The Five

Don’t-miss picks for Wednesday, October 22 through Tuesday, October 28

1 American Contemporary Music Ensemble

Classical: The award-winning new-music group counts Pulitzer winner Caroline Shaw, the composer-rocker-countertenor-violinist Caleb Burhans, and the superstar new-music violist Nadia Sirota among its members. At Constellation, they’ll play the work of Joseph Byrd and Mick Barr, who dabble as new-music composers when they’re not avant-garde rockers.
10/26 at 8:30. $15. Constellation, 3111 N. Western.

2 Strandline

Theater: Kirsten Fitzgerald (The Qualms) and Natalie West (Abigail’s Party) star in this show, which is reason enough to get tickets immediately. More details: Abbie Spallen’s barbed dramedy begins with a drowning and a wedding and continues through a long night’s journey of threatening secrets, raging drunkenness, and dark humor. J.R. Sullivan directs.
10/23–12/7. $15–$30. A Red Orchid Theatre, 1531 N. Wells.

3 Lucy McKenzie

Art: The Art Institute’s regular Focus series highlights an international contemporary artist making waves. Based in Brussels, McKenzie dabbles quite successfully in fashion, interior design, painting, modeling, and crime fiction. Here, she creates a layered narrative of female sexuality through department store display windows and an autobiographical history of her paintings.
10/23–1/18. $14–$23. Art Institute of Chicago, 111 S. Michigan.

4 Courtney Barnett

Rock: This up-and-coming Aussie firecracker’s songs are infinitely relatable, combining Cobain’s listlessness with Pavement’s daydreaminess in what might be a recipe for boring tunes were it not for her subtle wit. Given Chicago’s overwhelmingly positive response to Barnett at Lolla, expect this show to be packed to the rafters. (San Fermin opens).
10/27 at 8. $16–$19. Metro, 3730 N. Clark.

5 Rocky Horror Picture Show

Film: Just in time for Halloween, the Music Box Theatre mounts five screenings of the cult classic. Costumes are encouraged.
10/24–11/1. $15. The Music Box Theatre, 3733 N. Southport.

What I’m Doing This Weekend

Alison Cuddy
Alison Cuddy Photo: Courtesy of Alison Cuddy

Up next in our series of weekend plans from notable, in-the-know locals—a.k.a. people we like: Alison Cuddy, program director of the Chicago Humanities Festival, which runs from Saturday, October 25 through Sunday, November 9.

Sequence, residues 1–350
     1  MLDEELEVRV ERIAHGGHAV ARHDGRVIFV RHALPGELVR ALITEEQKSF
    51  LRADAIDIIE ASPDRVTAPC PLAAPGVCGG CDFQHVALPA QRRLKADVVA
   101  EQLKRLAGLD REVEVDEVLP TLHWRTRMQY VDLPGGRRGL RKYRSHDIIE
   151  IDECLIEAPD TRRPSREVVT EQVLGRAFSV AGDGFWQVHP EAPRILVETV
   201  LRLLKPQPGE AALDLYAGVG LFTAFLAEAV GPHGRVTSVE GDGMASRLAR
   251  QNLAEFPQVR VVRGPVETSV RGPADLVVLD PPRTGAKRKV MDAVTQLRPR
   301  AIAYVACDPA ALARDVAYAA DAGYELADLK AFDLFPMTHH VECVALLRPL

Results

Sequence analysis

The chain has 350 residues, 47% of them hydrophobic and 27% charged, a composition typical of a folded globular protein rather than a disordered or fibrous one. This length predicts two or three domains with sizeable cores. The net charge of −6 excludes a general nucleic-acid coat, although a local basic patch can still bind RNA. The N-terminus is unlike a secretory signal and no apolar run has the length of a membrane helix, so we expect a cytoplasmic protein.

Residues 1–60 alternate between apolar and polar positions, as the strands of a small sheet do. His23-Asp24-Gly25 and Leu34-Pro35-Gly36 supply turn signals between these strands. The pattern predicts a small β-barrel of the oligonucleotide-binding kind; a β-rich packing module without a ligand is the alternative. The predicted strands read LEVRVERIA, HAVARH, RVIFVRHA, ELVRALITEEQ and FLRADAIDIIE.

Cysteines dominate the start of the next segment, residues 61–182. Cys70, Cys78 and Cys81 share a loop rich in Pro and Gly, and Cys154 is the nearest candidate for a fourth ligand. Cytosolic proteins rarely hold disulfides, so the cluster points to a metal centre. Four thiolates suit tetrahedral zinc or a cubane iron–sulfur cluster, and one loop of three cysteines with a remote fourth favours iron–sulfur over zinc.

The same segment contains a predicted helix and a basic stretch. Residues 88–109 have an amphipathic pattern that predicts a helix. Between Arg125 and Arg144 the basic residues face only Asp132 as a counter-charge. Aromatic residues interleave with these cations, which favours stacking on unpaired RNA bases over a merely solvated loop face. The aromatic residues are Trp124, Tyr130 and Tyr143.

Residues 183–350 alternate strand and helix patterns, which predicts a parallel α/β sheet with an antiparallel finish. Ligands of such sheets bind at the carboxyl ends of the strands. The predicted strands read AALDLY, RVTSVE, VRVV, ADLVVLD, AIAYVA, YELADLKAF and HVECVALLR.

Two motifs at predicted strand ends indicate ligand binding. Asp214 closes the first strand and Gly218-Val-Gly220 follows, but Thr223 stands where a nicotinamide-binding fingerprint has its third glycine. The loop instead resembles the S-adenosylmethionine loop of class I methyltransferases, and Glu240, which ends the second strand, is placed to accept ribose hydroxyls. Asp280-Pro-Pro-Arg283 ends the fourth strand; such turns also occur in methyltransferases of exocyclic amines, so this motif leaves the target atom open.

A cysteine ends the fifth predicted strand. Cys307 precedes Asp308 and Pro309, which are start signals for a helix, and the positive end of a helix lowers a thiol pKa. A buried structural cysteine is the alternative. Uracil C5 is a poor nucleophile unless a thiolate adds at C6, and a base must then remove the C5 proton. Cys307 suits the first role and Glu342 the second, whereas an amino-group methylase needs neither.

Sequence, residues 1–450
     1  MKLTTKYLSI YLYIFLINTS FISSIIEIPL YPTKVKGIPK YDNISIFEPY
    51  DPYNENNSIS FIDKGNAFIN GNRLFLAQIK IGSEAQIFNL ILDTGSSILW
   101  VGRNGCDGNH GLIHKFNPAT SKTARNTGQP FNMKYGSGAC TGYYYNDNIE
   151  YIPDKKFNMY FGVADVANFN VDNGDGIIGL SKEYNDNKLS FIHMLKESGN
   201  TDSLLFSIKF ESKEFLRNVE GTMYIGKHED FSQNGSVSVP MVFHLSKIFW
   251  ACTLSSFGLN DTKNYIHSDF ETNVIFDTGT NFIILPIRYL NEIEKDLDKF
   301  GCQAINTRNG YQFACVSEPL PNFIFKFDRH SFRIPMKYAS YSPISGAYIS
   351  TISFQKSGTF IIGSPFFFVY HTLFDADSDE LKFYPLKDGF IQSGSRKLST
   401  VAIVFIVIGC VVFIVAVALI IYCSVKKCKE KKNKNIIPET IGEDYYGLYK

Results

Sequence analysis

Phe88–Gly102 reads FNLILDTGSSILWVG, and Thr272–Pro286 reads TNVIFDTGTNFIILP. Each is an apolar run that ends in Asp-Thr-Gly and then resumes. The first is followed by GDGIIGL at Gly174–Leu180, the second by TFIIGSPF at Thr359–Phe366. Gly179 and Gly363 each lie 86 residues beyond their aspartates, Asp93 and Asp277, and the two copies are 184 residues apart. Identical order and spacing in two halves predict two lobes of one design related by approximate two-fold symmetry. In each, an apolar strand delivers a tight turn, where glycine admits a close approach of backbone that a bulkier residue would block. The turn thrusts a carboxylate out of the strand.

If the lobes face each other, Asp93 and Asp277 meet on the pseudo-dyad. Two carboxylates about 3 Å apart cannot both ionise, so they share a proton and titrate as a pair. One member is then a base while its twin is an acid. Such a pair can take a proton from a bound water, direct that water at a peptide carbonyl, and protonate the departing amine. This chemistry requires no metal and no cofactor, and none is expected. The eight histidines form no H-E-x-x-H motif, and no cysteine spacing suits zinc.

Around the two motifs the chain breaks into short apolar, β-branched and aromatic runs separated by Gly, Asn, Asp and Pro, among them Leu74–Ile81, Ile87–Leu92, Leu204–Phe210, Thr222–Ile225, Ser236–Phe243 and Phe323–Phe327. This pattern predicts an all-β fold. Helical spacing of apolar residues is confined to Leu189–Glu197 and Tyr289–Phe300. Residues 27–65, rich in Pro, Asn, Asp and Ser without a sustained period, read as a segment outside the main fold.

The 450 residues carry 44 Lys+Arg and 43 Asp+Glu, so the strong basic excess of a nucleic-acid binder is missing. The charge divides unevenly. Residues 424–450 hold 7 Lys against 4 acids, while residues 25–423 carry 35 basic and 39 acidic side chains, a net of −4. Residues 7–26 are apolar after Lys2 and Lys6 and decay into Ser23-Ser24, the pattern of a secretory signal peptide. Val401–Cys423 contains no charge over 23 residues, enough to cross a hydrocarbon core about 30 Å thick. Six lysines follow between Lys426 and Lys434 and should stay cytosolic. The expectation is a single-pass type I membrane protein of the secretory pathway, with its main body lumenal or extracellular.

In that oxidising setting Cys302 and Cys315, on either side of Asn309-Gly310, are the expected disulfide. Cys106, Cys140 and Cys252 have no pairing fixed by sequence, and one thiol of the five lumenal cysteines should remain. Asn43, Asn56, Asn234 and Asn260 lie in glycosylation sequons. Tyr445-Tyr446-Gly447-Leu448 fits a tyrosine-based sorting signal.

Friday night, Shaw’s Crab House is celebrating thirty years in existence. They’re having a big oyster block party. I love oysters in general and I feel like there’s been a resurgence of them in Chicago. Shaw’s is just down the street so I go there all the time.

“Saturday, I’m going to interview two of my favorite and inspiring Chicagoans: the filmmaker Steve James from Kartemquin Films and entrepreneur Chaz Ebert. They’re going to be talking about the time they’ve spent touring with the film Life, Itself made about the late Roger Ebert. They will also be showing some never-before seen clips from the film. The evening will end with two masters of high art, drama, and the absurd: the immensely talented theater genius Wallace Shawn and the author Gary Shteyngart.

“Sunday, we’re reproducing the Sunday morning political talk shows at the Logan Center with Steven Schmidt and David Axelrod, essentially the two architects of the historic 2008 presidential race. And then Vijay Iyer is going to be with us. He’s an incredibly talented jazz pianist who also performs music in broader areas beyond jazz. He’s going to be talking about the theoretical, compositional side of music. And then we have Hakeem Oluseyi; he’s an astrophysicist who calls himself a gangster nerd. He grew up in the rural South; he ended up at Stanford. Now he’s someone who tries to recruit minorities and get young people excited about and literate in science. He’s coming to do a public talk. And then finally, opera singer Renée Fleming is closing out our day in Hyde Park. She’s going to be talking about Bel Canto, an opera that she’s involved in.

“Sunday night, I’m going to unwind at Northdown Café and Taproom. I’m the co-host of a craft beer podcast called Strange Brews. It airs once a week so I usually try to hit up somewhere in the city to see what’s new on tap and give out recommendations. The Northdown crew are rock steady; they’re funny and they’re always doing something interesting with the space. And since we’re off on Monday, if I have the energy, I’ll head up to the Mayne Stage. In celebration of Jump Up Records’ 20th anniversary, they’re presenting a night of ’60s era ska.” —As told to Tomi Obaro

Freebie of the Week

Putney Swope

Film: Comedian and actor Wyatt Cenac hosts this rare screening of the satirical film Putney Swope (1969), about a token black Madison Avenue employee who’s accidentally promoted to CEO.
10/26 at 4. Free with RSVP. Black Cinema House, 7200 S. Kimbark.